• RNA cancer viruses (retroviruses) schemes.

Virus-host interactions

  • Host specific and nonspecific defense mechanisms involved in resistance to and recovery from virus infections.
  • Role of interferon in viral infections.
  • Mechanisms by which interferon exerts its antiviral activity.
  • Contributions of various host defense mechanisms in viral infections.

Vaccines: past successes and future prospects

  • History of vaccines especially smallpox and polio.
  • New methods: subunit vaccines, anti-idiotype and DNA vaccines.
  • Molecular approaches to the development of viral vaccines

Intestinal and Luminal Protozoa

  • Amebiasis (amebic dysentery, amebic hepatitis)
  • Giardiasis (lambliasis)
  • Epidemiology
  • Morbidity
  • Mortality
  • Morphology of the organisms.
  • Life cycles, hosts and vectors.
  • Disease, symptoms and pathogenesis.
  • Diagnosis, Prevention and control

Innate (non-specific) immunity

  • The non-specific or innate immune system
  • Anatomical barriers
  • Secretary molecules
  • Cellular components

Complement

  • The complement system consists of more than 20 proteins in serum capable of lysing antibody-coated cells.

Antigens

  • Antigens are substances that induce a specific immune response and subsequently react with the products of a specific immune response

Response to antigen

  • Different types of antigen recognized by T and B cells.
  • Cell biology and significance of different pathways for antigen processing and presentation by class I and class II MHC.
  • Experimental basis for self MHC restriction.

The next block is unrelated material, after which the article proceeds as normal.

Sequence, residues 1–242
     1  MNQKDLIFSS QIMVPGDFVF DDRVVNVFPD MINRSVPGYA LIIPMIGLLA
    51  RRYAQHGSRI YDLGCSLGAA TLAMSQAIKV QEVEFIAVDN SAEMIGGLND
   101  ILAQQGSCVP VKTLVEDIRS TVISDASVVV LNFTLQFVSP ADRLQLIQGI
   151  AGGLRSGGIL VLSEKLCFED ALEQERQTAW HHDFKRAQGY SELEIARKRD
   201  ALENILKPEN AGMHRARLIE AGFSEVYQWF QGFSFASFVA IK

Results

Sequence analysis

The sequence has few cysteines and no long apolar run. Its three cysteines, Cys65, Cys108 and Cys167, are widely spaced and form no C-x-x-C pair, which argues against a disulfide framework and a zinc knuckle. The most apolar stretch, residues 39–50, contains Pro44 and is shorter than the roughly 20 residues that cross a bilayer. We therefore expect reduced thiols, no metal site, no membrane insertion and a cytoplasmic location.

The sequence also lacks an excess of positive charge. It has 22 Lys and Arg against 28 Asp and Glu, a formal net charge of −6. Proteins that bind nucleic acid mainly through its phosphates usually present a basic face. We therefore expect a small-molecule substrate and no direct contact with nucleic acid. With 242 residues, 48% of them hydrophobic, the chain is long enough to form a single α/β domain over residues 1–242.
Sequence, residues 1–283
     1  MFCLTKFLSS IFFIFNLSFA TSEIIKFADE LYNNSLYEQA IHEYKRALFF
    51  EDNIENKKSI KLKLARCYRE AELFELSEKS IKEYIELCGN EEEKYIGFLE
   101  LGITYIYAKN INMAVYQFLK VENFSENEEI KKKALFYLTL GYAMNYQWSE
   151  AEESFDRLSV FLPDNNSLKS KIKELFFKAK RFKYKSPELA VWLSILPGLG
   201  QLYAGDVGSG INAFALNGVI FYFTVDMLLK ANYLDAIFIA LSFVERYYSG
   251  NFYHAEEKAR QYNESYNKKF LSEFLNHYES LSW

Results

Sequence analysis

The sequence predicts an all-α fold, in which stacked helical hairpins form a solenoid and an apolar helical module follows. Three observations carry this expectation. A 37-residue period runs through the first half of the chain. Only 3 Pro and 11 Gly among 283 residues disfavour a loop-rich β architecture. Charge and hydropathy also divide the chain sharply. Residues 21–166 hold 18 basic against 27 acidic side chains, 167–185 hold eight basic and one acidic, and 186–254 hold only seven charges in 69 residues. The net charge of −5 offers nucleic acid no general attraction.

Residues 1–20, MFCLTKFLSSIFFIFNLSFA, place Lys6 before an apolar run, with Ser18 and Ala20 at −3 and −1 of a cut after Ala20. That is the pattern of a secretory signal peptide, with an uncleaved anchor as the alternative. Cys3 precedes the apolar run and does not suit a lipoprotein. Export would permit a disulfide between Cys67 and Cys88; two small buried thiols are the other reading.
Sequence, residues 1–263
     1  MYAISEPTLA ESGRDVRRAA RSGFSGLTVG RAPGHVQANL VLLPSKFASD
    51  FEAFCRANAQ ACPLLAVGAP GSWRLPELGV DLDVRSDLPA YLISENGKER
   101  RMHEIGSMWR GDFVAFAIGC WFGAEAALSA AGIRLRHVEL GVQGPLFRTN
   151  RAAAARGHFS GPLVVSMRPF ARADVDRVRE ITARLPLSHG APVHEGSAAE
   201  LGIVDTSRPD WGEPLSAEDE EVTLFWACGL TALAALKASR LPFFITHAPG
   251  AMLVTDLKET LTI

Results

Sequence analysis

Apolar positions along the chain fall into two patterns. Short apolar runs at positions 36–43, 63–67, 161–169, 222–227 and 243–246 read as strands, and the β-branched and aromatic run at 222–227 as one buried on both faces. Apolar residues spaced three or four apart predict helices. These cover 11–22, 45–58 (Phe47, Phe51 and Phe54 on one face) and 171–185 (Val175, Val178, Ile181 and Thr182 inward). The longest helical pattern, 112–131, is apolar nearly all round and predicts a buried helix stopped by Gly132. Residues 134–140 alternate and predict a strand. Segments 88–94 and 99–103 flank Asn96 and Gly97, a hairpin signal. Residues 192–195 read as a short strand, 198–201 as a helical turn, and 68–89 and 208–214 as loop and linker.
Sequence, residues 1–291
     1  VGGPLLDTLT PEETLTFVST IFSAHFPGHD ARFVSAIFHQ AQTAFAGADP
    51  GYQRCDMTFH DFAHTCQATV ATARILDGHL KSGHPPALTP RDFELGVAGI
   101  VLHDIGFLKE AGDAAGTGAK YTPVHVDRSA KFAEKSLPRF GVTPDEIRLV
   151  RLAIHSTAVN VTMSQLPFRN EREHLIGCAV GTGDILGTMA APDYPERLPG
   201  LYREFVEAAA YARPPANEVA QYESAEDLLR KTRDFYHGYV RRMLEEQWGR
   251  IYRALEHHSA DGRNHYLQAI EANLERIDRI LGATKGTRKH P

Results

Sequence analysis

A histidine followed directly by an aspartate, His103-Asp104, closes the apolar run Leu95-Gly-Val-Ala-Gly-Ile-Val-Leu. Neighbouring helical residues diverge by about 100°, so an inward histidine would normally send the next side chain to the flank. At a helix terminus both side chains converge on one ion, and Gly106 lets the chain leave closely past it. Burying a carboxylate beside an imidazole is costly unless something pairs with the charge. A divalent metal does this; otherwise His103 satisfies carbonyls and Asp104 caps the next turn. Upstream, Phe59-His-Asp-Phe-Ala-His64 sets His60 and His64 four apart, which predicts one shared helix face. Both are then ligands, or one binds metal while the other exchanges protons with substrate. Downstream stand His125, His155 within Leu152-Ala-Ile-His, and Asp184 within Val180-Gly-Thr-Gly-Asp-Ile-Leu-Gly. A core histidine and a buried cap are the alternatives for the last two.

• Role of the thymus in determining T cell receptor repertoire.
  • Superantigens as anomalous antigens

The structure and function of immunoglobulins – antibodies

  • Immunoglobulins are protein molecules that are produced by plasma cells in response to an antigen and which function as antibodies.

Antibody-antigen reactions and test for these reactions

  • The nature of antigen/antibody reactions
  • Antibody affinity and avidity.
  • The basis for antibody specificity and cross reactivity.
  • The principles of commonly used tests for antigen/antibody reactions.

Antibody formation

  • Characteristics of the specific immune response.
  • Primary and secondary antibody responses.
  • The molecular events involved in class switching and membrane immunoglobulin expression

Major histocompatibility complex The structure and function of cell surface molecules involved in immune cell interactions:

  • Major histocompatibility complex molecules
  • The T cell receptor (TCR)
  • The CD3 complex
  • Accessory
  • Costimulatory molecules.

Immunoregulation subpopulations of helper T cells:

  • Th1 and Th2
  • Cytokines and class (isotype) switching.
  • Cytokine activation of macrophages and functions.
  • Maturation and mechanism of killing by cytolytic T lymphocytes (CTL).
  • Characteristics of killing mechanisms of other cytolytic cells Immunoregulatory processes.

Cell-mediated immunity

  • Cell-cell interactions in specific immune responses
  • Helper T cell-B cell interactions for antibody formation against hapten-conjugated proteins and complex proteins.
  • Thymus- independent antigens

Tolerance and autoimmunity

  • Concept and significance of tolerance
  • Factors that determine induction of tolerance
  • Mechanism of tolerance induction
  • Concepts of autoimmunity and disease
  • Features of major autoimmune diseases
  • Theories of etiology of autoimmune disease

Reading

Hand outs and Research Articles

Presentation Skills